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# If x = u^2 - v^2, y = 2uv and z = u^2 + v^2, and if x = 11,

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If x = u^2 - v^2, y = 2uv and z = u^2 + v^2, and if x = 11, [#permalink]
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x=u^2−v^2..........(1).......x=(u+v)(u-v).........(u+v)=x/(u-v)
y=2uv.........(2)
z=u^2+v^2.......(3)
z+y=u^2+v^2+2uv=>>>>>(u+v)^2=>>>>((x/(u-v))^2=>>>>>x^2/u^2-2uz+v^2
z+y=x^2/z-y
(z+y)(z-y)=x^2
z^2-y^2=x^2

(1) y = 60
z^2-y^2=x^2
z^2-60^2=11^2
z^2=60^2+11^2
we get the value of z

(2) u = 6
From eqn (1) we get the value of v and substituting v in eqn (2) we get y
using z^2-y^2=x^2 we get the value of z.

Ans.D
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If x = u^2 - v^2, y = 2uv and z = u^2 + v^2, and if x = 11, [#permalink]
I just assumed that if there are 5 variables then we need 5 different equations to solve it. Question already has 3 equation + 1 value of variable = 4 equations. So getting any one variable's value would suffice to get all other variables's values.
Are there any flaws in my approach?
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Re: If x = u^2 - v^2, y = 2uv and z = u^2 + v^2, and if x = 11, [#permalink]
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nishantjayaswal wrote:
I just assumed that if there are 5 variables then we need 5 different equations to solve it. Question already has 3 equation + 1 value of variable = 4 equations. So getting any one variable's value would suffice to get all other variables's values.
Are there any flaws in my approach?

Hi,

Genoa2000

It will not be the case always. It is true for sure when all are linear equations.
What is x?
x=y+3, so value of y is sufficient to answer.

But say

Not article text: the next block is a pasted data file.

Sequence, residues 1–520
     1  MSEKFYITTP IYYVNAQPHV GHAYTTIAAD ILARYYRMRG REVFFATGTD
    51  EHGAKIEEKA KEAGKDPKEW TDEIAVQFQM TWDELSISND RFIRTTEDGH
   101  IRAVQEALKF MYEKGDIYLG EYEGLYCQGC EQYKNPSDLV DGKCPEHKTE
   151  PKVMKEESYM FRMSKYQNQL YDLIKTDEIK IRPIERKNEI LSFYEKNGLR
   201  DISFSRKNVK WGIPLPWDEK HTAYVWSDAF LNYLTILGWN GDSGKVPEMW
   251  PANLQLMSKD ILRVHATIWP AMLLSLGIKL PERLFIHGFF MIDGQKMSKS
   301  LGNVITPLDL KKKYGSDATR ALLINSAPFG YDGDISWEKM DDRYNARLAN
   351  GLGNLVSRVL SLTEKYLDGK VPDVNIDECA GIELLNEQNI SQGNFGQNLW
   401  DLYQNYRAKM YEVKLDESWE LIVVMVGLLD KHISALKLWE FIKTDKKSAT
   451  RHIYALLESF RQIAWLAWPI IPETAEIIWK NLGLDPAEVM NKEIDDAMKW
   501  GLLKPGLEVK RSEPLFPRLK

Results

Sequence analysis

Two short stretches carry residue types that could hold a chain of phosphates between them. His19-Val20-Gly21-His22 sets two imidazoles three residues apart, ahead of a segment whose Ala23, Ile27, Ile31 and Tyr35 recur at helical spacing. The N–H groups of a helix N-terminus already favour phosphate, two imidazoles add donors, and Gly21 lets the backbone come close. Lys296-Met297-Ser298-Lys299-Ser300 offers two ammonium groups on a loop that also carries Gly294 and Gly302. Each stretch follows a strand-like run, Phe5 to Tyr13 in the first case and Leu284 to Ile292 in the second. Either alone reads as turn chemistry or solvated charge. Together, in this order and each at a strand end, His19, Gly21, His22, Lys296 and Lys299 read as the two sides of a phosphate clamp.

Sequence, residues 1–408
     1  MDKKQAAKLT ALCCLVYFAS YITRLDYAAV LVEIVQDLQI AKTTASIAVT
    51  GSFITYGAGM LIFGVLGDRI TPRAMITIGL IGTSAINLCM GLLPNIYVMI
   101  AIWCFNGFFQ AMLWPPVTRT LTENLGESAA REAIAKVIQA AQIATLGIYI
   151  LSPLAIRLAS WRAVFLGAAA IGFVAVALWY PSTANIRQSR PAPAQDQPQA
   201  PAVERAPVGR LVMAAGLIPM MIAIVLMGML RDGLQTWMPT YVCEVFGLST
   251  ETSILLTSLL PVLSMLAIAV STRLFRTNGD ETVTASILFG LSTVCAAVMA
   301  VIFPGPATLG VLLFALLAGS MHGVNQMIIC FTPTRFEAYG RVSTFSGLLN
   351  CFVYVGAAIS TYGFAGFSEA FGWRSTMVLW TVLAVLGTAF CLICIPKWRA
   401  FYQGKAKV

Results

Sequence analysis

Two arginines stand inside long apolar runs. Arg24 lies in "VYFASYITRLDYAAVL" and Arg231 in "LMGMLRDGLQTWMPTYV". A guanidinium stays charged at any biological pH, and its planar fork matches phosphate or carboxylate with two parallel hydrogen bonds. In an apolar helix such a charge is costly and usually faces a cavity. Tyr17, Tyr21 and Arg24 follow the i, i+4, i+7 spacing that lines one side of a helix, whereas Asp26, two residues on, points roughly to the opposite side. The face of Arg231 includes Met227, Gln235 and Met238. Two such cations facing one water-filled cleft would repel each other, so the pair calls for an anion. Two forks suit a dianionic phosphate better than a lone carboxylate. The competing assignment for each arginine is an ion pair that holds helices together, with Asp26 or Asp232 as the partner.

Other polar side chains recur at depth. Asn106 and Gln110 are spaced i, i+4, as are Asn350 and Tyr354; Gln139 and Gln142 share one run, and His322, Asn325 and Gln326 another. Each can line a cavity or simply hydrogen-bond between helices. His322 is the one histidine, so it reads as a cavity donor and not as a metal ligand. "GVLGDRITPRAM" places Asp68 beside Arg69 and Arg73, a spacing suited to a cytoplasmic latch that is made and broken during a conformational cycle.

What is x?
x^2=y+3 and y=6...x^2=6+3=9
So x can be 3 or -3.....Not sufficient
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If x = u^2 - v^2, y = 2uv and z = u^2 + v^2, and if x = 11, [#permalink]
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nishantjayaswal wrote:
I just assumed that if there are 5 variables then we need 5 different equations to solve it. Question already has 3 equation + 1 value of variable = 4 equations. So getting any one variable's value would suffice to get all other variables's values.
Are there any flaws in my approach?

I would be wary of this approach for multiple reasons.

1. Linear equations could be equivalent in which case you get infinite solutions.

x + y = 5
2x + 2y = 10
Both are the same equation so you cannot solve for x and y

2. Also, when you have equations in higher degree, you may get multiple solutions.

x^2 = 25
gives you x = 5 or -5
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If x = u^2 - v^2, y = 2uv and z = u^2 + v^2, and if x = 11, [#permalink]
Video solution from Quant Reasoning:
Subscribe for more: https://www.youtube.com/QuantReasoning? ... irmation=1

Originally posted by avigutman on 06 Oct 2020, 18:34.
Last edited by avigutman on 30 Nov 2020, 14:00, edited 1 time in total.